when they contain a relatively electrondonating alkoxide group (e.g., OtBu) and
TBP systems are most stable when their
alkoxide ligands are relatively electron-withdrawing (e.g., OMe(CF3)2). However, it has
not been determined which metallacycle, if
either, is formed directly upon reaction of the
alkylidene complex with an olefin.
Unsubstituted tungstacycles (illustrated
Scheme 12. Bis(trimethylsilyl)tungstacyclobutane 50, isolated and characterized by X-ray
by 48 in Figure 7), can be formed under
crystallography, breaks up to afford silylalkylidene complex 51 (not TMSHC¼CHTMS),
conditions where ethylene is generated. More
which suggests that not all metallacyclobutanes lead to productive metathesis.
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ethylene and TMSCH¼CHTMS. This result suggests that
transformations between certain terminal olefins might prove
to be selective in favor of formation of cross-metathesis
products versus those derived from homometathesis reactions.[111–113]
Similar to tungsten-based systems, molybdenum-based
complexes (Figures 2–4) are highly active olefin-metathesis
catalysts, particularly when electron-withdrawing alkoxide
groups are present (e.g., 3 d, Figure 2).[32, 33] One advantage of
molybdenum-based catalysts is that molybdacyclobutane
intermediates appear to break up more readily than their
tungsten counterparts. Thus, in a molybdenum-catalyzed
metathesis process, an unsubstituted metallacyclobutane is
less likely to serve as a reservoir of a Mo¼CH2 complex.
No other anionic ligands in Mo and W imido alkylidene
complexes to date have proven to be as successful as
alkoxides for sustained metathesis activity.[29] This situation
arises either because alternative ligands are not bulky enough
to stabilize an electron-deficient metal center and prevent
decomposition (e.g., halides) or because such ligands donate
too much electron density to the metal in a s and/or p fashion
(e.g., amides). Recent examples of the latter effect are
complexes 11 q and 11 r (Figure 3); no reaction was observed
between 11 q or 11 r and ethylene or even benzaldehyde.[23]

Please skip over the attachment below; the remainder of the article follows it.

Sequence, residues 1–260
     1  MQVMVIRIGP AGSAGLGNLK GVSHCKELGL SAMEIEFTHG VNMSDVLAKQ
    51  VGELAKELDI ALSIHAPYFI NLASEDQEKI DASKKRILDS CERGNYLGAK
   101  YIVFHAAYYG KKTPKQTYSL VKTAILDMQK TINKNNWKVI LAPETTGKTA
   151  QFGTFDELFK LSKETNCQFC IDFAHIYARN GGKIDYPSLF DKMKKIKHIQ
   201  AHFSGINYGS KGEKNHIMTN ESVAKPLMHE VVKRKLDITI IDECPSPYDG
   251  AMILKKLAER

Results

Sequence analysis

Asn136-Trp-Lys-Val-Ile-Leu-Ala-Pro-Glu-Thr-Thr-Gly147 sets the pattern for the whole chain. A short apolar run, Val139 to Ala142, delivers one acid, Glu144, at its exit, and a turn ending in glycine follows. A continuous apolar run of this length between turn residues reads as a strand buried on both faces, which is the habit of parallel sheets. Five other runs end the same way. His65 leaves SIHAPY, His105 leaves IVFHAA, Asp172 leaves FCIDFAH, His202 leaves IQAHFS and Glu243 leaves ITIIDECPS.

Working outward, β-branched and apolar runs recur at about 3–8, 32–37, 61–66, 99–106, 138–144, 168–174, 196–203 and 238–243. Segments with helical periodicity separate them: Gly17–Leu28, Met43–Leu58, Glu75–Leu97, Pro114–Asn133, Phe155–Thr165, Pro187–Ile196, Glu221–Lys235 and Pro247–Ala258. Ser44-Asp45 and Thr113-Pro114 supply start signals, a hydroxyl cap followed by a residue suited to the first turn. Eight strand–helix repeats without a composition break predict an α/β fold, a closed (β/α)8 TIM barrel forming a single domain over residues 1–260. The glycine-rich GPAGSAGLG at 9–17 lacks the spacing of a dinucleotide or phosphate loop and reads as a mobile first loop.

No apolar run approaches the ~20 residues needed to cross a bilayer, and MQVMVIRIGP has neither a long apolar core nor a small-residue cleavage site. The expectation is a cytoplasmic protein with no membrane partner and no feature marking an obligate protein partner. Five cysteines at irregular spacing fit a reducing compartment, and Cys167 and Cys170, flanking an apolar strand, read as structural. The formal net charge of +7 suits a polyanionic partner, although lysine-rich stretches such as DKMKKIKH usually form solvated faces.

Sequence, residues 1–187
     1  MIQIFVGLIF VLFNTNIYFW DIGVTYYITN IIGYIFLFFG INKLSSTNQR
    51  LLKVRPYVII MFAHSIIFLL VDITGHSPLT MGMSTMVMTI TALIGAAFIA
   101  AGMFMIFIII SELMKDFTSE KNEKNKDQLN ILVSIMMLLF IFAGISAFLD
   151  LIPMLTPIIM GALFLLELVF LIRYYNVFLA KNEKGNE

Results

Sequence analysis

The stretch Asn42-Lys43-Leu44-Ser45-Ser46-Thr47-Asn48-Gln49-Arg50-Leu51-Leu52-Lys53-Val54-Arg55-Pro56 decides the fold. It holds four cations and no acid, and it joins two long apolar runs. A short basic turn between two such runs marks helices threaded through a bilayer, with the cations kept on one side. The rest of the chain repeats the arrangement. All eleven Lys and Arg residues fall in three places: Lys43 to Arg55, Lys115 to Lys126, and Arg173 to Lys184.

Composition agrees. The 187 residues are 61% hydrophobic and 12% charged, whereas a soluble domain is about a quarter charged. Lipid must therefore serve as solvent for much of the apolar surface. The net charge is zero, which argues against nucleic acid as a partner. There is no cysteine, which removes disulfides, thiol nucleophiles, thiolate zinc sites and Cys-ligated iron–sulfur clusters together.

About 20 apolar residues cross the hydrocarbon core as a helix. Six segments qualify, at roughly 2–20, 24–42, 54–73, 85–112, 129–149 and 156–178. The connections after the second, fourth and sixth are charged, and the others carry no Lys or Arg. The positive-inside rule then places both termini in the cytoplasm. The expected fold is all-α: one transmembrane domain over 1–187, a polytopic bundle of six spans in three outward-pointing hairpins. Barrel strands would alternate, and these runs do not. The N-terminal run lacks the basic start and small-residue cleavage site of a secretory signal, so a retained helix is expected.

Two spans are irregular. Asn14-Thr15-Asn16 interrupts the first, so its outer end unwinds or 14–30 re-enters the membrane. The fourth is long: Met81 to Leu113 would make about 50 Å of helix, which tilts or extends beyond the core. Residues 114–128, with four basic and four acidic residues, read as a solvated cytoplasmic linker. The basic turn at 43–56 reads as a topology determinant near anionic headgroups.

pathway, which is fastest for methylene complexes, leads to
the formation of olefins as a result of coupling of two
alkylidenes (Scheme 14). The tert-butoxide complex 3 a upon
Scheme 14. Pathways that lead to the generation of dimeric complexes,
such as 56, also account for decomposition of molybdenum-based
metathesis catalysts.
reaction with ethylene is converted into a detectable (by
H NMR spectroscopy) SP metallacyclobutane (54), which in
turn decomposes to afford imido-bridged dimeric system 56
via methylene complex 55.[114] It has been proposed that 56 is
formed via an intermediate that contains two bridging
methylenes, which subsequently loses ethylene.[114] Bimolecular decomposition of methylene complexes was demonstrated most convincingly for the 18-electron species
[Cp2(CH3)Ta¼CH2] early in the development of high-oxidation-state alkylidene complex chemistry.[82]
More recent studies involving the enantiomerically pure
binaphtholate complexes 11 j, 11 k, and 11 l (see Figure 3)
indicate that some propylene is formed as well upon decomposition of unsubstituted molybdacyclobutane species.[19]
These investigations suggest that decomposition of unsubstituted molybdacyclobutane compounds derived from binaphtholate complexes is faster in the absence or the presence of
ethylene. Accelerated decomposition in the absence of
ethylene can be ascribed to displacement of the equilibrium
between an unsubstituted metallacyclobutane and a methylene complex (for example, between 54 and 55 in Scheme 14)
in favor of the latter, which subsequently decomposes
bimolecularly. However, decomposition of an unsubstituted
metallacyclobutane to give propylene in the presence of
ethylene was unexpected. Clearly, additional mechanistic
studies will be required to elucidate decomposition pathways
of imido alkylidene complexes and their metallacyclobutane
counterparts. Regardless of various mechanistic intricacies,
the above findings indicate that since ethylene is generated in
a metathesis reaction involving a terminal olefin, it is